“David Pollay, one of the early leaders in applying the findings from positive psychology, asks us to make 3 simple promises to ourselves every day:

  1. Find joy.
  2. Do what you love.
  3. Make a difference.

One consequence of modern American life is busyness. We are brought up to believe that we can be anything, have anything, do anything if we only work hard enough. Technology and gadgets make everything so much easier and more convenient, so we can squeeze in more and more and more. But between work, taking care of kids, pursuing our passions and dreams, what so often gets squeezed out is our view of what makes life worth living. Time and time again, I have found that following Pollay’s structure brings me back again to the things that matter in life. These are the things that lead to the type of life you want to live.”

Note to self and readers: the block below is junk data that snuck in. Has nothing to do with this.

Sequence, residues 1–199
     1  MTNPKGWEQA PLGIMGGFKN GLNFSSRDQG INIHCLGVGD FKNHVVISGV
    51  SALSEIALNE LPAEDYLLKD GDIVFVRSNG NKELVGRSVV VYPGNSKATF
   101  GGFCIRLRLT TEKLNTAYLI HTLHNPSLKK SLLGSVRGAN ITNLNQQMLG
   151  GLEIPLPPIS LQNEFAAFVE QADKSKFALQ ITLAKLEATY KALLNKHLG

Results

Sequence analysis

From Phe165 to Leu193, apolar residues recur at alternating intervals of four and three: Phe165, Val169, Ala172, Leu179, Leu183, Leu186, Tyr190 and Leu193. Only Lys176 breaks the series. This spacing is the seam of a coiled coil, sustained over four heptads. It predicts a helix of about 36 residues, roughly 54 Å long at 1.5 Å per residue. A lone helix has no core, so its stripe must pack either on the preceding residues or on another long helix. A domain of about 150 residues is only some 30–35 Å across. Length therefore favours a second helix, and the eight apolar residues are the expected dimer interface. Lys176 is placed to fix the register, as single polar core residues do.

Photo Credit: Davidpollay.com

Photo Credit: Davidpollay.com

 

Joy makes such a difference in life. Joy is  an idea that is found in many religions.
As a Christian I find joy is a topic that I cannot blog about without reference to my faith. Joy is a gift, joy is something that is deeper than happiness. Joy can still be there during the hard times, it is knowing that hope is not lost, that there is a ‘bigger’ being than oneself, it is trusting that when things seem out of control there is still control, it is knowing when one messes up, there is forgiveness!

I believe it is this knowledge that then allows one to find joy, do what you love and make a difference.

Photo Credit: epjp.wordpress.com

Photo Credit: epjp.wordpress.com

Mindfulness in parenting

Being the best parent I possibly can is something I am passionate about and know that many of you are too.